Fox News noted that the door was opened for Lautenberg’s initial run for the Senate 1982 when long-serving Democratic Sen. Harrison Williams resigned after being convicted of bribery in what became known as the Abscam scandal. During that sting operation, FBI agents posing as Arab sheiks offered bribes to government officials and seven members of Congress, including Williams, were convicted.
Lautenberg won the N.J. Democratic Senate primary that year, topping eight other candidates, and spent $4 million of his own money to defeat the popular Republican Rep. Millicent Fenwick.
After serving three terms in the Senate, Lautenberg announced his retirement in 2000. But two year later, when incumbent Democrat Sen. Robert Torricelli decided not to run for reelection, party leaders convinced Lautenberg to run again. He won the election and was reelected in 2008.
Born to poor Polish and Russian Jewish immigrants in Paterson, New Jersey, in 1924, Lautenberg joined the Army after graduating from high school and served in the Army Signal Corps in Europe during World War II. After the war, he attended Columbia University on the G.I. Bill and earned a degree in economics. He joined two boyhood friends in founding the nation’s first payroll services company, Automatic Data Processing, becoming ADP’s first full-time salesman and eventually chairman and CEO of the firm. The success of ADP made all three men millionaires.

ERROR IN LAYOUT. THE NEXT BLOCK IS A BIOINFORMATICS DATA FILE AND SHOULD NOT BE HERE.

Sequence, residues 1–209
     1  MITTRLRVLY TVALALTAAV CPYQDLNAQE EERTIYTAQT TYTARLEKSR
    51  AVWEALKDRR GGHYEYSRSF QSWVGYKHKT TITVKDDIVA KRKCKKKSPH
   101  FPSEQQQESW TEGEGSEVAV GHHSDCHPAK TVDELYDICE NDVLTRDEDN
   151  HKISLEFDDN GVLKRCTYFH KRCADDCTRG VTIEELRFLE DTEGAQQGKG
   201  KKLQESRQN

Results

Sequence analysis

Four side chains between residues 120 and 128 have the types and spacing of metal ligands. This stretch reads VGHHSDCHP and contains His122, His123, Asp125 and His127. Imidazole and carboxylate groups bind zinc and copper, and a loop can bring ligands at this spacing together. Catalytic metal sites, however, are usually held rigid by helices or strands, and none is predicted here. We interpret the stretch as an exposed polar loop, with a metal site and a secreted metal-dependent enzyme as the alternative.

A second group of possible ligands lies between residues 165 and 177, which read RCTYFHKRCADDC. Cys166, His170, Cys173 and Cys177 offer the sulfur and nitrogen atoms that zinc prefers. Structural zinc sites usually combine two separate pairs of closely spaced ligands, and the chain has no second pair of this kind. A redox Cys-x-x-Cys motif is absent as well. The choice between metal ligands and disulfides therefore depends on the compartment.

Lautenberg was diagnosed with b-cell lymphoma, a cancer affecting his stomach, in February 2010. After several months of chemotherapy, he was declared cancer-free.
Lautenberg had suffered from physical ailments such as muscle fatigue and weakness in his legs in recent months. Back in February, he announced his decision to retire from the Senate following his current term, joking that he wanted to run for vice president in 2016.
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Photo of late Sen. Frank Lautenberg: AP Images